Thanks snooky…being so far away, one does miss the special family occasions a lot :-)

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23 Munni January 24, 2009 at 8:16 pm

I’ve been reading your blog for a while, love the new look, Nice write up about your family and great food !!

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24 Sunita January 24, 2009 at 8:37 pm

Thanks Munni…do drop by to say hello :-)

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25 Susan at Sticky,Gooey,Creamy,Chewy January 25, 2009 at 5:16 pm

What a nice post! It must be hard for you to be so far from family. I can tell how close you are. Your fish curry looks lovely! I like that you tried baking the fish instead of frying. Much less messy!

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26 Sunita January 26, 2009 at 11:35 pm

Thanks Susan…one does tend to miss one’s family, especially during special occasions.

As for the fish, baking them also means doing away with all that oil too :-)

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27 Ivy January 25, 2009 at 7:09 pm

I love your family stories Sunita and your aita was very lucky not to sustain any severe injuries. Your pictures are stunning and a lovely recipe as well.

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28 Sunita January 26, 2009 at 11:31 pm

Thanks Ivy :-)

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29 Sig January 26, 2009 at 1:55 am

I love getting a glimpse into Assamese culture through your posts Sunita! And that fish curry is super tempting, in fact that picture of the oven roasted fish is driving me nuts. I want some crispy fish now, but I am too lazy to go and get some fish now, what a dilemma! :)

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30 Sunita January 26, 2009 at 11:33 pm

Thanks Sig.

As for the fish, try it sometime..we’ve stopped frying them nowadays and bake them instead, and always keep some for munching…R and A love their share of ‘crispy baby fish’ too :-)

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31 Jyothsna January 26, 2009 at 6:53 am

That’s a sweet way to call grandparents. Family gatherings are always fun and when we stay away we tend to miss them much more. Nice picture.

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32 Sunita January 26, 2009 at 11:31 pm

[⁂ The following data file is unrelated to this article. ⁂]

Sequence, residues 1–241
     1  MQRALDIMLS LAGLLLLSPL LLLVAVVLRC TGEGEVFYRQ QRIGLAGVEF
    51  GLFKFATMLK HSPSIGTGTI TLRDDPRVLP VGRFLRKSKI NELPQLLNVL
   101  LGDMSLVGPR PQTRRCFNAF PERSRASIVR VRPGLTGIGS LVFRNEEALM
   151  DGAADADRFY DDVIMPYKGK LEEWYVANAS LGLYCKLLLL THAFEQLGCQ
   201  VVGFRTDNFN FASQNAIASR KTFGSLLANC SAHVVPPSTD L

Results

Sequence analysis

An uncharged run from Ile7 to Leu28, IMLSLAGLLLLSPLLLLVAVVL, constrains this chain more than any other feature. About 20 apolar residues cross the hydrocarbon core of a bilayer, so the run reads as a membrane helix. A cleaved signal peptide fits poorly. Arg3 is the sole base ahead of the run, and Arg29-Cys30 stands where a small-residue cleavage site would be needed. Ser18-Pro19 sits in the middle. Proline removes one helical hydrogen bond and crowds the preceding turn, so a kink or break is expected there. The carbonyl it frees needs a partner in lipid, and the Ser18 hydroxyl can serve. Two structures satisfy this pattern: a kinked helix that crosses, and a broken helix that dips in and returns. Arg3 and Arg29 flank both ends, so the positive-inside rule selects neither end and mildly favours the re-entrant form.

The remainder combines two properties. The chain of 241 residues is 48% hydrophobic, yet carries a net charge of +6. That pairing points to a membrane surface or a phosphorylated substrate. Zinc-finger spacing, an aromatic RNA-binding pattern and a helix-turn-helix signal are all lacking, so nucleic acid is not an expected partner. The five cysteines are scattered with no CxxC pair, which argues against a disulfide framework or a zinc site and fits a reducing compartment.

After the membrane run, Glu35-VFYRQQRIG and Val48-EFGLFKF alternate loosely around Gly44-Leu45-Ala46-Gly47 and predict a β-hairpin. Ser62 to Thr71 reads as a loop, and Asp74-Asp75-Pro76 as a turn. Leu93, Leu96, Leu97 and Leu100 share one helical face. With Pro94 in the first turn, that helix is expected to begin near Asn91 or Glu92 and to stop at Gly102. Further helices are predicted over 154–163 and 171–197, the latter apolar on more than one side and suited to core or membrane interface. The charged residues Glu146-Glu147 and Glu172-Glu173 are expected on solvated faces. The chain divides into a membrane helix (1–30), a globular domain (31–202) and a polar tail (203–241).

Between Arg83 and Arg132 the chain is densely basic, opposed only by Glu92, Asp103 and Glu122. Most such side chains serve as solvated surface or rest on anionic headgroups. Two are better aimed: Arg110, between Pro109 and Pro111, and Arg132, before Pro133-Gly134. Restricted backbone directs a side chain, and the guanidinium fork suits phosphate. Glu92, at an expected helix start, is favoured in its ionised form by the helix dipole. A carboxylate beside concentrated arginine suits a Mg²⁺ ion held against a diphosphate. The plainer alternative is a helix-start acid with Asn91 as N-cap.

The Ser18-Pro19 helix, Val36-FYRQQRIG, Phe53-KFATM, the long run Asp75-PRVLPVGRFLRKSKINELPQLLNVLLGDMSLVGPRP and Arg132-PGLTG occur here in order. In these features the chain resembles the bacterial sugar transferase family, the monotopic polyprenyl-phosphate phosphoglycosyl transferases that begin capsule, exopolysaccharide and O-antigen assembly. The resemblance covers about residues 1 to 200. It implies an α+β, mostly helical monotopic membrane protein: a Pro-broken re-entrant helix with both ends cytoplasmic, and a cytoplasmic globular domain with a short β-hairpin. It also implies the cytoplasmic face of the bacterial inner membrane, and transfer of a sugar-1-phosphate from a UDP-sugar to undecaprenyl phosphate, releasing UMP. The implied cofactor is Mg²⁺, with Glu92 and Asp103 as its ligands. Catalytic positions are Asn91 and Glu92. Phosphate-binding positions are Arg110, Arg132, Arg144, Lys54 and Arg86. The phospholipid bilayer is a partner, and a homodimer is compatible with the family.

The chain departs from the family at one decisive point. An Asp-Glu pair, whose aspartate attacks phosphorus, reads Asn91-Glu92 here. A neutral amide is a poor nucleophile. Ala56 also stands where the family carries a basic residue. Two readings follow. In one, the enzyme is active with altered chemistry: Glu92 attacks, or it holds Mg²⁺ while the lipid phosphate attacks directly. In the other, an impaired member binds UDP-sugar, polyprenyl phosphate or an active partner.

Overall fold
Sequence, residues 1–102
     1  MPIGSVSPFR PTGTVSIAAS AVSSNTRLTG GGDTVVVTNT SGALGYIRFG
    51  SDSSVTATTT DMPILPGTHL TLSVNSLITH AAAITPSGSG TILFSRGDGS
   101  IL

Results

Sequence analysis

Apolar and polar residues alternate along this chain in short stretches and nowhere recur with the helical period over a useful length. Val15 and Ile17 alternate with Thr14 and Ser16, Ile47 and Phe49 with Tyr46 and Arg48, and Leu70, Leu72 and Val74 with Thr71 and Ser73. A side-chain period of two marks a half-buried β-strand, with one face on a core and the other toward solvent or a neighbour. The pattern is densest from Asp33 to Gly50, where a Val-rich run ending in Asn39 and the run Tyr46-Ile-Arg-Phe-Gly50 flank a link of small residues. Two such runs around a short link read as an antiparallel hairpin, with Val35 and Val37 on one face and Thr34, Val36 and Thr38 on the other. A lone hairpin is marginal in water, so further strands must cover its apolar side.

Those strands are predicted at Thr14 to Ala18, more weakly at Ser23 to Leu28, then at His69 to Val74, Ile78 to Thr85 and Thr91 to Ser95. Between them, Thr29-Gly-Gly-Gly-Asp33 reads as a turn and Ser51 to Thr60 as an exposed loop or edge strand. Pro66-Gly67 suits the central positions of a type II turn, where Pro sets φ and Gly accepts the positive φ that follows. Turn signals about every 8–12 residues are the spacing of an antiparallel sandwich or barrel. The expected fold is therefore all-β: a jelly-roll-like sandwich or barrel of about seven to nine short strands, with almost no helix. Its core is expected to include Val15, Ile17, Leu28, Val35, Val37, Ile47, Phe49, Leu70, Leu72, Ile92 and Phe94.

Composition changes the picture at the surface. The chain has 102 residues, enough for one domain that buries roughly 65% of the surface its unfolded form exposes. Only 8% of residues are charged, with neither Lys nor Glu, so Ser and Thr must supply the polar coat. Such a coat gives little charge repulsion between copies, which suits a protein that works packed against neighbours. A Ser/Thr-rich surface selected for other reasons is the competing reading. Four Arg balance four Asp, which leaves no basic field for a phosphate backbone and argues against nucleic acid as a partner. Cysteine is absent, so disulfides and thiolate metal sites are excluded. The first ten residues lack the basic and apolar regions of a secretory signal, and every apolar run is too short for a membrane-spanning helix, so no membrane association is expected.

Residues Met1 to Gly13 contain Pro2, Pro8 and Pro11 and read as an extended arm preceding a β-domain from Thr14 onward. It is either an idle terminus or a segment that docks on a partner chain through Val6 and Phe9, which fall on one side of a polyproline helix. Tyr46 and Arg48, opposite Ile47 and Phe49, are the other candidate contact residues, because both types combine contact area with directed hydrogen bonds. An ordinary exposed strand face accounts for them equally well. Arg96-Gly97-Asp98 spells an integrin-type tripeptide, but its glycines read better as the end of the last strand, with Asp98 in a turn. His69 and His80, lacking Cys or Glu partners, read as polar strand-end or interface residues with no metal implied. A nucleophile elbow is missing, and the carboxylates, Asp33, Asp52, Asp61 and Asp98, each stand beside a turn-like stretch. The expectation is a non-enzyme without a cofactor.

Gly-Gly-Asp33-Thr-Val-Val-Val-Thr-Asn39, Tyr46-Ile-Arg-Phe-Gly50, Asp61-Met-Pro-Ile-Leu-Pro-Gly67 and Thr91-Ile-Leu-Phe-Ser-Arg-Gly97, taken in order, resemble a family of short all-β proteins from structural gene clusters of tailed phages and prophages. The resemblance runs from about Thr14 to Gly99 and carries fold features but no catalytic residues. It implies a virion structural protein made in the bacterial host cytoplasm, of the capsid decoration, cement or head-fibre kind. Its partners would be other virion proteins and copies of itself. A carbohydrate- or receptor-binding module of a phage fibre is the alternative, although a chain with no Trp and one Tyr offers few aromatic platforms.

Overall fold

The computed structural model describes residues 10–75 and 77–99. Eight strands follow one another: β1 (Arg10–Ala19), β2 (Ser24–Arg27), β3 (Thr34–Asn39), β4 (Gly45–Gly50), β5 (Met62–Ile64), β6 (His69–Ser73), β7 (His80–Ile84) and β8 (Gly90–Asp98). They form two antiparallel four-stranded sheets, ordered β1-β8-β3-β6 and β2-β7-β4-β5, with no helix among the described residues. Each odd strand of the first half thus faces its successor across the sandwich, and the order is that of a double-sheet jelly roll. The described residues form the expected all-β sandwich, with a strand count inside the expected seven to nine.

Yes Jyothsna…distance does make the heart grow fonder :-)

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33 Maya January 26, 2009 at 5:20 pm

I started to miss home as I was reading this. Would fresh sardines work here?

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34 Sunita January 26, 2009 at 8:09 pm

I haven’t tried this with sardines, but do go on and give it a try, should work :-)

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35 bee January 26, 2009 at 9:09 pm

you know what, i’d have eaten those baked sprats before they got into any curry or anywhere else. gorgeous. dish. and your aita sounds like a real gem.

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36 Sunita January 26, 2009 at 11:12 pm

Bee, I always keep aside some for munching…the kids love it too.

And yes, aitas are special, aren’t they :-)

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37 Rupa Sengupta January 29, 2009 at 3:22 am

Yummy recipe … umm crispy fish…. love them.

I am suddenly missing my own grandma so much after this reading this ! She is at the moment in W.Bengal and she had a big fall and fracture recently ….So I can actually relate to all that you have written…. Family is really an amazing thing. thanks for sharing this :)

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38 Sunita January 29, 2009 at 7:46 am

Yes, it’s hard sometimes when one is far from family…hope your grandma has a quick recovery:-)

Btw, we have a special relationship with W. Bengal…both our kids were born there ( Kolkata, to be precise :-)